Presented at the It's About Time Writers Reading Series, Seattle, WA., Thursday April 14, 2005
Esther told me I could talk about anything I wanted as long as I kept it under 15 minutes. So let me talk with you about paying attention, how it relates to my writing, and perhaps to yours. I'm not here to deliver a lecture, but to share some ideas that I hope will lead to a conversation about how each of you approaches your creative work. For the first thirty years of my life (that is to say, almost exactly half, so far), I was trained to be a left-brain research scientist and physician. I was trained to think in the Cartesian (and Catholic) duality of A or B, trained to discriminate, that is, to notice the differences between A and B. That is one way of paying attention, and I became very good at it. But eventually those exercises left me unsatisfied. Part of me wanted to argue, "Why not A and B? Why not left and right brain?"
I left research and became a primary care pediatrician, and resumed writing poetry. Over the years as I listened to patients' stories, I understood more and more that for us humans it is almost always both A and B, both mind and body, both good and bad. Because choices must be made, while certainty is not to be found, it is important to pay attention to all the simultaneous possibilities. John Keats, in a letter to his brother, called this skill "negative capability." He explained negative capability: "that is when a man is capable of being in uncertainties, Mysteries, doubts, without any irritable reaching after fact & reason"
The practice of keeping multiple possibilities simultaneously in mind creates, for me, a feeling of curiosity, rather than a mental rush toward what logicians call "premature closure," which dismisses some possibilities too early. What does this have to do with my writing? Maintaining a sense of curiosity about the world creates a "beginner's mind" which sees the world in fresh ways and appreciates unexpected juxtapositions. It also helps to keep my inner critic (or Editor, as I call him) at bay until later in the writing process. As an example of the kind of paying attention I mean, here is a poem by Mary Oliver.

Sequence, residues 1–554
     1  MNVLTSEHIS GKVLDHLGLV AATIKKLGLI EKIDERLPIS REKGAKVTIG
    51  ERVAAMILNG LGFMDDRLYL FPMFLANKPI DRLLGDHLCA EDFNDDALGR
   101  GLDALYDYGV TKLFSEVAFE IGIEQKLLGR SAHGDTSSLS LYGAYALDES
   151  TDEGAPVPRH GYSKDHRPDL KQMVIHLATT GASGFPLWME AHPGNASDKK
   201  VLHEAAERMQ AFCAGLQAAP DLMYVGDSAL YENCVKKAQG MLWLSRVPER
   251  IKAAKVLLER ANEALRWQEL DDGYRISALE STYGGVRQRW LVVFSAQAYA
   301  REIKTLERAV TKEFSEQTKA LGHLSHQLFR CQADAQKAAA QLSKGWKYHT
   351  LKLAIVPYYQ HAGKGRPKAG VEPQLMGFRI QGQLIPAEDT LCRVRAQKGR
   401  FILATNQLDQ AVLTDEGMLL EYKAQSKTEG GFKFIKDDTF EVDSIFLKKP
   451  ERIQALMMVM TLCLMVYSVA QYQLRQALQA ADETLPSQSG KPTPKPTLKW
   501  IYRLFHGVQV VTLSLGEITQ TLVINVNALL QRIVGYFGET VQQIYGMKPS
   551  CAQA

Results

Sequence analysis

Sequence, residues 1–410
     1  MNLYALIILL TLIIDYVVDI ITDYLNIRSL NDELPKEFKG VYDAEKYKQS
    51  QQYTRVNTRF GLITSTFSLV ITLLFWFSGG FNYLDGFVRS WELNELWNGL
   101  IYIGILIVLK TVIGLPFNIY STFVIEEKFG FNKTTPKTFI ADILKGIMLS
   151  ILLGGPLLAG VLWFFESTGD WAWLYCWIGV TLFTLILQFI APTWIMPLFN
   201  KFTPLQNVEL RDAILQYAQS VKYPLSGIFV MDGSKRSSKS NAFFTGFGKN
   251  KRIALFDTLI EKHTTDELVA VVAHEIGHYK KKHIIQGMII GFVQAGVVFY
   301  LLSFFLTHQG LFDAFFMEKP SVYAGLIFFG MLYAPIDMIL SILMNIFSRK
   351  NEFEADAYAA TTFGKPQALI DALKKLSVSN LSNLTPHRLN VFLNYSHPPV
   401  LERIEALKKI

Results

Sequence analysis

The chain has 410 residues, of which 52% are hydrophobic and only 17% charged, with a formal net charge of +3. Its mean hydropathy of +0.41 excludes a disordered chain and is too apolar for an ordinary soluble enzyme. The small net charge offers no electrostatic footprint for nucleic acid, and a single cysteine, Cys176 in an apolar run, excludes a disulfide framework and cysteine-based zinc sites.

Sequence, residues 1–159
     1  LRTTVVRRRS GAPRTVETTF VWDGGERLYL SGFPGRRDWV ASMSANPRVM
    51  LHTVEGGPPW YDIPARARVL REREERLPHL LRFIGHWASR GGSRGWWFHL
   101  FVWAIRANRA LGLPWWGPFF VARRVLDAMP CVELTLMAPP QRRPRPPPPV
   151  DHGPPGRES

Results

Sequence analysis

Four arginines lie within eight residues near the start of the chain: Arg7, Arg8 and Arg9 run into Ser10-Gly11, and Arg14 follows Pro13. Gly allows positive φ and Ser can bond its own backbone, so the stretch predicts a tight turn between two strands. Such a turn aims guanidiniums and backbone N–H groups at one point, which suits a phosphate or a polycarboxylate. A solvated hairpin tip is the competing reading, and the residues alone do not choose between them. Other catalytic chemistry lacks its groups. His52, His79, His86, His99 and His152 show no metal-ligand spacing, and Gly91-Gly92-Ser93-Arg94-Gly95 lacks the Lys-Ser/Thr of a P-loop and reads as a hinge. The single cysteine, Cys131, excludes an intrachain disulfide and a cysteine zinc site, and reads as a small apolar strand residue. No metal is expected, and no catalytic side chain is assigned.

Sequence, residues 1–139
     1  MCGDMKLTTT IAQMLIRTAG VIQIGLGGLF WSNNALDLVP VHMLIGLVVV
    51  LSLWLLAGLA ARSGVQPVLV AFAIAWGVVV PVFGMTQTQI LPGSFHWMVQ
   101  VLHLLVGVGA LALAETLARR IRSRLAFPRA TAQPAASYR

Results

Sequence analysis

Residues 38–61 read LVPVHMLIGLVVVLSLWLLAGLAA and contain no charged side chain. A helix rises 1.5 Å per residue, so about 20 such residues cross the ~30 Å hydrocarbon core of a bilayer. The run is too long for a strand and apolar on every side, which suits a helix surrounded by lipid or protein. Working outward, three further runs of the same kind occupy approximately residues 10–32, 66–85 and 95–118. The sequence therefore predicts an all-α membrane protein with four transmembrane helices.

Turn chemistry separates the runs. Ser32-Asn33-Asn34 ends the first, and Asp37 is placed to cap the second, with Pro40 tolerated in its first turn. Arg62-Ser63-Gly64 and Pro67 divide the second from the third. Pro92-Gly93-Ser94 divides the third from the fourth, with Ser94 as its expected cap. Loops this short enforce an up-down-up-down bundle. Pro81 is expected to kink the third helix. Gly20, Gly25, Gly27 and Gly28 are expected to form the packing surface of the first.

The Summer Day
Who made the world?
Who made the swan, and the black bear?
Who made the grasshopper?
The grasshopper, I mean--
the one who has flung herself out of the grass,
the one who is eating sugar out of my hand,
who is moving her jaws back and forth instead of up and down--
who is gazing around with her enormous and complicated eyes.
Now she lifts her pale forearms and thoroughly washes her face.
Now she snaps her wings open, and floats away.
I don¹t know exactly what a prayer is.
I do know how to pay attention, how to fall down
into the grass, how to kneel down in the grass,
how to be idle and blessed, how to stroll through the fields,
which is what I have been doing all day.
Tell me, what else should I have done?
Doesn¹t everything die at last, and too soon?
Tell me, what is it you plan to do
with your one wild and precious life?
Mary Oliver, 1990
House of Light